Pro wrestling fans are no strangers to deciding an event is going to be awful before it even happens. Case in point, last year’s Wrestlemania 31 – after a lackluster-to-outright-bad build and no confidence from the community, the event delivered. Not bad after the preceding Monday Night RAW ended with Roman Reigns and Brock Lesnar tugging at the heavyweight belt like five-year-olds on a playground.
This year, WWE stumbled into a bizarro version of last year’s success – a phenomenal build that fizzled out as if CEO Vince McMahon himself spat on the fuse just before the dynamite blew. Wrestlemania 32, for all its star power, was the sum of its parts… its nonsensical, broken parts.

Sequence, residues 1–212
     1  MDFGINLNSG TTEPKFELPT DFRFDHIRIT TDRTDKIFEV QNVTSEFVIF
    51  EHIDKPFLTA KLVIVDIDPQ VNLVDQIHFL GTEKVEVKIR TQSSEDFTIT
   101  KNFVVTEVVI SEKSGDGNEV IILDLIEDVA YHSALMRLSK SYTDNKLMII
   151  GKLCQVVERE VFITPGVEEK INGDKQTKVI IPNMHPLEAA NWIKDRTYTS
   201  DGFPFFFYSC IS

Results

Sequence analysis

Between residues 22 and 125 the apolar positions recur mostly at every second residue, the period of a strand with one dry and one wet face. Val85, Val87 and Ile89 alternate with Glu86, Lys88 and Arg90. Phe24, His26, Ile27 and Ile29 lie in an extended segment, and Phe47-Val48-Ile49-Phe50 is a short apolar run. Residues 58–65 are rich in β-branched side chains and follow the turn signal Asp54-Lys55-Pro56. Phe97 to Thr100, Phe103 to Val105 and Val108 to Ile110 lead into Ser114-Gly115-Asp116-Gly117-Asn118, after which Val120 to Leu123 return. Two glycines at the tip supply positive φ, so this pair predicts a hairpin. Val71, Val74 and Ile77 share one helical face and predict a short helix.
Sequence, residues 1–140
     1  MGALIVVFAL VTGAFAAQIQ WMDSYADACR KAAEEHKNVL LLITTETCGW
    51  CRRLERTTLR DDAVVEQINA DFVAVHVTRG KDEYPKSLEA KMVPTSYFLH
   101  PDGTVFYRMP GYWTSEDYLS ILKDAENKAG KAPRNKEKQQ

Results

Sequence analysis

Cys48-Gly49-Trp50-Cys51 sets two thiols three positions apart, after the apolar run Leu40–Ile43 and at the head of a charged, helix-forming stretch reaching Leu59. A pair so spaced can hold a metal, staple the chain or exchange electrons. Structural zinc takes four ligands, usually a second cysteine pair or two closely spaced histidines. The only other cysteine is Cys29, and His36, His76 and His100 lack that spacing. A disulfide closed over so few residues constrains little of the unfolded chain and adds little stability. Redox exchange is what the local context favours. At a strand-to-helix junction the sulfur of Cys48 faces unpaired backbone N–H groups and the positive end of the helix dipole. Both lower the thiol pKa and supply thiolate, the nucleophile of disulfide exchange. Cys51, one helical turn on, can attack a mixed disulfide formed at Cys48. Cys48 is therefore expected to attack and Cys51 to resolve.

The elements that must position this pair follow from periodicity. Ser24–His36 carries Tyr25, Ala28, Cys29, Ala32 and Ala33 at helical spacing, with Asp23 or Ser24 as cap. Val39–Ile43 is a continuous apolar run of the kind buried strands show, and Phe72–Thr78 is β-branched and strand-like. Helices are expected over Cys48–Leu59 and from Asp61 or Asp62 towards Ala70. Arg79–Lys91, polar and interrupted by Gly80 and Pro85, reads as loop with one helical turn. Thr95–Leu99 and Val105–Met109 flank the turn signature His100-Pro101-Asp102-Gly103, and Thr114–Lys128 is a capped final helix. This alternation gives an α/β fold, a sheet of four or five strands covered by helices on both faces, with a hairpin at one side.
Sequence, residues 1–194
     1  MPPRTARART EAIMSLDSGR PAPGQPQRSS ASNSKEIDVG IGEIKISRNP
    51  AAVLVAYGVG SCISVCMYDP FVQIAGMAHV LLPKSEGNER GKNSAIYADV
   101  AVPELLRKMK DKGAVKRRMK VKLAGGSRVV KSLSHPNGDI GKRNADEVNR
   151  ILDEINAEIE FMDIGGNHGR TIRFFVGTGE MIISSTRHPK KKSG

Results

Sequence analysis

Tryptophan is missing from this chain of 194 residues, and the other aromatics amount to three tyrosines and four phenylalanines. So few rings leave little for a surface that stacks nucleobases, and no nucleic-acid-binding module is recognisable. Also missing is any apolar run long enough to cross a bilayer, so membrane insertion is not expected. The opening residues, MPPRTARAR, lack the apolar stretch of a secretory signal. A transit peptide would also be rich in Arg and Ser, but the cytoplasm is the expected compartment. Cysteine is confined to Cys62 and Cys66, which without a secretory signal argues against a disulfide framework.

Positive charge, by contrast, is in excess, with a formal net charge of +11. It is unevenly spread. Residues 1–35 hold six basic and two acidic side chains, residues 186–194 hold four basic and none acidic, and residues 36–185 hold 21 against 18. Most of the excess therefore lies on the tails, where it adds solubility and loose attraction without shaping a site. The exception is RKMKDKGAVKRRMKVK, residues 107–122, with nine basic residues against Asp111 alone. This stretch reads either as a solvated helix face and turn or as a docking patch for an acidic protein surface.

The opener, a ladder match for the Intercontinental Championship, blew the rest of the event out of the water, mixing seven storylines together. The most compelling was the saga of fan favorite Sami Zayn’s revenge on longtime friend-turned-enemy, current IC champion Kevin Owens. The primary subplot followed Zack Ryder, a non-threat largely in the match as a joke, setting out to prove himself. These stories intertwined in a captivating build.
What made the match itself great was its clear, literary plot structure. The climax occurred in a one-on-one Zayn vs. Owens slugfest, ending with Zayn driving Owens’ head into a downed ladder for a near-victory until Hollywood heel The Miz’s interference. Miz slimed his way to the top of the ladder until Ryder scrambled up and won.
It was a genuine surprise to start the main show, a feel-good moment, and, most of all, it made it seem like anything could happen. In addition, the match cleverly put off the inevitable Zayn vs. Owens one-on-one match another month. By all accounts – build, match and result – the IC title match stole the show for the second year in a row.